Tele-operated robotic thrombectomy in acute stroke

Project reference: DTP_SIE_18 This project has already been allocated and is no longer available for applications
First supervisor: Thomas Booth 
Second supervisor: Kawal Rhode 

Project summary: Stroke is the second leading cause of death across the world, annually killing approximately 6 million people and the third leading cause of disability. In England, Wales and Northern Ireland, 85,000 people are hospitalised with stroke each year. Time from onset to treatment is known to be especially critical, with the effectiveness of treatment declining rapidly in the first few hours after stroke. More recently, thrombectomy has shown substantially improved clinical outcomes in patients with large vessel occlusion present in approximately 40% of patients with acute ischaemic stroke. Thrombectomy may be effective up to 6h or more after stroke onset (depending on patient selection) but also demonstrates reducing effect size with increasing time from stroke onset. The proportion of patients eligible for thrombectomy in the UK has been estimated at about 10%. Providing thrombectomy presents a significant challenge for health services. The procedure is typically carried out by a neuro-interventionist.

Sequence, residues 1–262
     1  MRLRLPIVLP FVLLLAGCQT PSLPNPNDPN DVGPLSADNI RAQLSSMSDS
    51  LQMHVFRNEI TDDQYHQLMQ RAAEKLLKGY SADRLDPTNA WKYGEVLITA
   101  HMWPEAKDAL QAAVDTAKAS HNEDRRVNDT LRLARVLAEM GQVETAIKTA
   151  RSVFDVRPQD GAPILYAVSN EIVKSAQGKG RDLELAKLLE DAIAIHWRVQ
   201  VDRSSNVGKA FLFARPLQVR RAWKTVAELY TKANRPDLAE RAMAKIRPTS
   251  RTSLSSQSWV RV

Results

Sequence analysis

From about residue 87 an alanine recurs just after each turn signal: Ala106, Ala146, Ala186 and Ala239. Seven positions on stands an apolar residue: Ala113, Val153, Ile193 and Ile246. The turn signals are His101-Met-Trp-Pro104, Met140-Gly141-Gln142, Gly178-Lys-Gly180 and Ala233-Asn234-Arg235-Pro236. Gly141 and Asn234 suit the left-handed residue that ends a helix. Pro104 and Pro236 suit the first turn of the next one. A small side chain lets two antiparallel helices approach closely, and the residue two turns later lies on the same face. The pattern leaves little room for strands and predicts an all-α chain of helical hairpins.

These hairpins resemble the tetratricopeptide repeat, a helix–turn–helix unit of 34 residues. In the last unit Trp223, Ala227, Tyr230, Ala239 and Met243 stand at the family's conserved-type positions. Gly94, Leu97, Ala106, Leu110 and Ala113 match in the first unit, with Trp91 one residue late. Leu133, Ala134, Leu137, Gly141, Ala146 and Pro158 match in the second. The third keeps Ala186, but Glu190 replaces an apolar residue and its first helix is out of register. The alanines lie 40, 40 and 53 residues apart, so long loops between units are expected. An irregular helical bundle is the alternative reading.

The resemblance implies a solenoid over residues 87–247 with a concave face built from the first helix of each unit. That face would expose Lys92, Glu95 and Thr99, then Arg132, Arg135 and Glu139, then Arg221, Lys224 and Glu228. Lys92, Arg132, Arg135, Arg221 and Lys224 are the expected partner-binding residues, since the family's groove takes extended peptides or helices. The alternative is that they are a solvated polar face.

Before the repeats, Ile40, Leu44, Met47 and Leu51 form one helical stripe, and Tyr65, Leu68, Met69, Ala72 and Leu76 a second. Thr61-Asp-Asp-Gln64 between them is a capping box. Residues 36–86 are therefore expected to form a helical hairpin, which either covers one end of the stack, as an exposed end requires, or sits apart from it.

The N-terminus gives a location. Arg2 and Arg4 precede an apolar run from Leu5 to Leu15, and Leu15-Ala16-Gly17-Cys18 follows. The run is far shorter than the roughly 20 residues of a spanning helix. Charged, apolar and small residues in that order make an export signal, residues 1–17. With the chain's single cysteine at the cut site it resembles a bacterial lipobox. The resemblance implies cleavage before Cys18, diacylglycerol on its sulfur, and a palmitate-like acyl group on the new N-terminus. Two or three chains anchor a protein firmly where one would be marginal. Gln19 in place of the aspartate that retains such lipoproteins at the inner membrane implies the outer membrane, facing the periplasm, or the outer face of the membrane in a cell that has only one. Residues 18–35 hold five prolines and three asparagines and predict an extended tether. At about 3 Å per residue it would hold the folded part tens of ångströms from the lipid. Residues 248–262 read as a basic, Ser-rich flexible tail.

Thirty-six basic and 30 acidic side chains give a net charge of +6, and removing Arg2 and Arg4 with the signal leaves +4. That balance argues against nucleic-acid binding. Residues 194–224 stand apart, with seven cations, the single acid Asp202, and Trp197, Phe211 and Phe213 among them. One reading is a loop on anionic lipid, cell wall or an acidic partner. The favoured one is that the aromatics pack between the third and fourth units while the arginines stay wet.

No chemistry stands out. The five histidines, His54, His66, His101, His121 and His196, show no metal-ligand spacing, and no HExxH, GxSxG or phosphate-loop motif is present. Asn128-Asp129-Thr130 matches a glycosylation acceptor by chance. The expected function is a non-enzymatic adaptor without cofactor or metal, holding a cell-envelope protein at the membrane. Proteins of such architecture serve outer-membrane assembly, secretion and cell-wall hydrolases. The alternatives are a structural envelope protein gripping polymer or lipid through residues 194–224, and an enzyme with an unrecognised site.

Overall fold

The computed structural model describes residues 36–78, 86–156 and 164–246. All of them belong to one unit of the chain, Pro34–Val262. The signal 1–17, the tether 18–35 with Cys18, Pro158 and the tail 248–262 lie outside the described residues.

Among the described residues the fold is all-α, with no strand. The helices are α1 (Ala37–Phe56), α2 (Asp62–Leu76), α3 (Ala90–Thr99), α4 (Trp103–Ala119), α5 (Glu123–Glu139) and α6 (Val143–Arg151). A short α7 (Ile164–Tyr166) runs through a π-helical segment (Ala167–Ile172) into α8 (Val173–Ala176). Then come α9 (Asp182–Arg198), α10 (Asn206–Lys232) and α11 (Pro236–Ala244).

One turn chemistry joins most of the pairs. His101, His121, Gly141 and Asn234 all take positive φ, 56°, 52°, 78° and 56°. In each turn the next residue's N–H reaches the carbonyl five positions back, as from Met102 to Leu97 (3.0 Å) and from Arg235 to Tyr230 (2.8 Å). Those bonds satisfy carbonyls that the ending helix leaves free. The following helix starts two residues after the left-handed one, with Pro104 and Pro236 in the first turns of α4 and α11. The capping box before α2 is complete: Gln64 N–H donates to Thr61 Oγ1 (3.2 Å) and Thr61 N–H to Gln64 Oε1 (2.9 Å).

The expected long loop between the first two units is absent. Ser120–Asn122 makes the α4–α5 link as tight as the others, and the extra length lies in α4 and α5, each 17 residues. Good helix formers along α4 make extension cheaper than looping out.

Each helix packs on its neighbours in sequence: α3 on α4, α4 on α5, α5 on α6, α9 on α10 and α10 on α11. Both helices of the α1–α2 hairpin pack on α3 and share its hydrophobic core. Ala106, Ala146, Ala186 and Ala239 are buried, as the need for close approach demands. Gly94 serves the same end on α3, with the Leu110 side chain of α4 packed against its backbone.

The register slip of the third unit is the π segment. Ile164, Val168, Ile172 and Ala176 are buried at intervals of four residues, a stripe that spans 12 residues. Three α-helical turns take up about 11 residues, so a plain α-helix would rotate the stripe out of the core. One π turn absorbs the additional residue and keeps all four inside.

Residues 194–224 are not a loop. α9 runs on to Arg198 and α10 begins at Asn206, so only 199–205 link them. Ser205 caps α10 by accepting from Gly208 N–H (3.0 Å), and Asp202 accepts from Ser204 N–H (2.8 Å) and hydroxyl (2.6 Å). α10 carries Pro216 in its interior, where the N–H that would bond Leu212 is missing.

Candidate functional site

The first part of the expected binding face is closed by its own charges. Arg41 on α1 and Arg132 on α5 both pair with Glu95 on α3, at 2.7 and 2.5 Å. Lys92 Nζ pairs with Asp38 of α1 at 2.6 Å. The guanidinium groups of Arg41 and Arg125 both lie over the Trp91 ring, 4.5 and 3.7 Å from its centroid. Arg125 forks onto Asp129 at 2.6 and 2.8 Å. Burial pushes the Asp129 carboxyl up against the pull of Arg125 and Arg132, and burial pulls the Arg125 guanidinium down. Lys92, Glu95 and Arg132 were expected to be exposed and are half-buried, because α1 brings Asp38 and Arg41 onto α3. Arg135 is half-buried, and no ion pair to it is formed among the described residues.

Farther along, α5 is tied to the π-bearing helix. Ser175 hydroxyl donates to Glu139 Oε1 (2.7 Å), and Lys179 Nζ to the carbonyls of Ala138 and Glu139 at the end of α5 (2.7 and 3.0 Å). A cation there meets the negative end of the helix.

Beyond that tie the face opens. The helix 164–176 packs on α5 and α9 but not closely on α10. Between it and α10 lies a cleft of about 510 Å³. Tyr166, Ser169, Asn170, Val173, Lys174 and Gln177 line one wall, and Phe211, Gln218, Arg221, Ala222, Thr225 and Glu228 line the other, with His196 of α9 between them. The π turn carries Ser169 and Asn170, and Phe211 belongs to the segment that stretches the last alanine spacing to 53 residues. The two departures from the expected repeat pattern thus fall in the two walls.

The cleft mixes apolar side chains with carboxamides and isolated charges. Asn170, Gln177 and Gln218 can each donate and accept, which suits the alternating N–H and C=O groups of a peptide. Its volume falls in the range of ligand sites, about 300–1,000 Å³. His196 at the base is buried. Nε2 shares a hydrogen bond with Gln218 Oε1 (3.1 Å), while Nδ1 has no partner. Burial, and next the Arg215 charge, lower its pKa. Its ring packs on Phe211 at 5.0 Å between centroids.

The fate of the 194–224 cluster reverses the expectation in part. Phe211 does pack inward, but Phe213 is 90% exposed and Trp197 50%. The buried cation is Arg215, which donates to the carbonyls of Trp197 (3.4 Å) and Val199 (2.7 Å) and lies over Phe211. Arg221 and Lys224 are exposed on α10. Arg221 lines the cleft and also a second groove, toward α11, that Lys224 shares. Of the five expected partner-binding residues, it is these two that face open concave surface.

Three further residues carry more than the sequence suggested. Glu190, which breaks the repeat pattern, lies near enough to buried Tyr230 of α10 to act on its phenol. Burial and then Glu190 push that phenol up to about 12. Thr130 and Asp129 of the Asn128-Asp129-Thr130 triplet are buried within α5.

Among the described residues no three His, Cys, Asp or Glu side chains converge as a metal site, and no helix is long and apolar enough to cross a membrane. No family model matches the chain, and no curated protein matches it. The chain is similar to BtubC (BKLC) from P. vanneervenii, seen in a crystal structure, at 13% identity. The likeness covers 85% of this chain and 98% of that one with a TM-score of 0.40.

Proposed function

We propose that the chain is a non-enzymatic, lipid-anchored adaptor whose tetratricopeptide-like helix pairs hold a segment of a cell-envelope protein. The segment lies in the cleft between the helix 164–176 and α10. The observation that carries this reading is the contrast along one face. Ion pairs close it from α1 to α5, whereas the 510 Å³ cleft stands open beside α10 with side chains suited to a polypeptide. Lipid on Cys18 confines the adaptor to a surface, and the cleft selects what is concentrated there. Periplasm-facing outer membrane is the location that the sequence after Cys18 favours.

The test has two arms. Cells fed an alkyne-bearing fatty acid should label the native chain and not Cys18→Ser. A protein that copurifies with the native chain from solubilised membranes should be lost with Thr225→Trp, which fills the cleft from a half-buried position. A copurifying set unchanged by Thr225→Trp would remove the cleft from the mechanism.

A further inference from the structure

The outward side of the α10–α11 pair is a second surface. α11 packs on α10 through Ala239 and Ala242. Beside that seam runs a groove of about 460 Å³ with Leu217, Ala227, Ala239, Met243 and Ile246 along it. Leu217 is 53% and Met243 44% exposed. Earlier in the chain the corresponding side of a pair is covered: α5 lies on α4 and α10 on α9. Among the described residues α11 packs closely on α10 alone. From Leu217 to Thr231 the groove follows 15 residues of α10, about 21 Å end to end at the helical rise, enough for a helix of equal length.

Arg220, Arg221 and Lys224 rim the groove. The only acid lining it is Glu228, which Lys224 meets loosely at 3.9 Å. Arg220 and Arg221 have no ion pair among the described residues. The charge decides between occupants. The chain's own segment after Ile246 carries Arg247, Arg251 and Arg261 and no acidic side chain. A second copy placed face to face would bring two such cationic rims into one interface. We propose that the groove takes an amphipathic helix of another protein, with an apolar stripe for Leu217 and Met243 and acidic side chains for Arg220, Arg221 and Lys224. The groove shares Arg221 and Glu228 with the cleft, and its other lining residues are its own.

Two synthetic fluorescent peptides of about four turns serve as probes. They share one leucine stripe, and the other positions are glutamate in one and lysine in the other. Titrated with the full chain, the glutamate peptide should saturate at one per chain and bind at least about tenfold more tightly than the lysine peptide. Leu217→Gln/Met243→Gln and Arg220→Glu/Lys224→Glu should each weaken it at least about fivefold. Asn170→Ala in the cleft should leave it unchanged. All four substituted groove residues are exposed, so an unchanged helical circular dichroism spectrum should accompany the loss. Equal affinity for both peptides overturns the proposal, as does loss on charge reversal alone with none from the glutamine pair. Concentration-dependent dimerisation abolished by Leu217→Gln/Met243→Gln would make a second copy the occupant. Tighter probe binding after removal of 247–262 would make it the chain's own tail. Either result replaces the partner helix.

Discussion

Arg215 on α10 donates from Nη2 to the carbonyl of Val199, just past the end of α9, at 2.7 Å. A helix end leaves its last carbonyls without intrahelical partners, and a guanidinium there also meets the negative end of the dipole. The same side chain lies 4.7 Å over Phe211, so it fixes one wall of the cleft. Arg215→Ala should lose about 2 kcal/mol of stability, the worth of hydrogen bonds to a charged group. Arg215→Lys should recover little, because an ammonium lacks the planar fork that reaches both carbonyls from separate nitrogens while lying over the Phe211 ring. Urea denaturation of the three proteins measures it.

Project description: Robotically-assisted angiography in the cerebral vasculature has only recently been described by three groups. For neurointerventional applications, the lack of a platform specifically designed to accommodate very small devices and microcatheters— and the technically demanding “micromovements” required to successfully navigate these tools through the cerebral vasculature — has left neurointerventional robotics virtually unexplored. This is a limitation of the Magellan system which is now no longer commercially available. 

 

Two basic mechanisms have been developed to perform robotic surgery in general. Some robotic systems are telemanipulators, which means that they essentially copy the operator’s movements directly. Other systems transform the movements of the operator such that a joystick can manipulate a guidewire or microcatheter. These systems are motivated by improving the neurointerention procedure itself. 

 

Given that the motivation of this project is to develop tele-operated robotic thrombectomy to allow local treatment to be performed remotely from a specialist neuroscience centre, the emphasis is on the former system i.e. developing robotic systems that are telemanipulators. The key advantage compared to the three systems described above is that operators would perform tasks in a way that is identical with their current practice with little new learning required (i.e. pushing and rotating catheters and wires as opposed to using a joystick). The large amount of delicate manipulation of the tiny catheter (2.1 Fr) and wire (0.014 inch) that occurs during the procedure demand that a major focus of the project would be on haptic feedback which is a major concern in the current joystick-controlled systems. 

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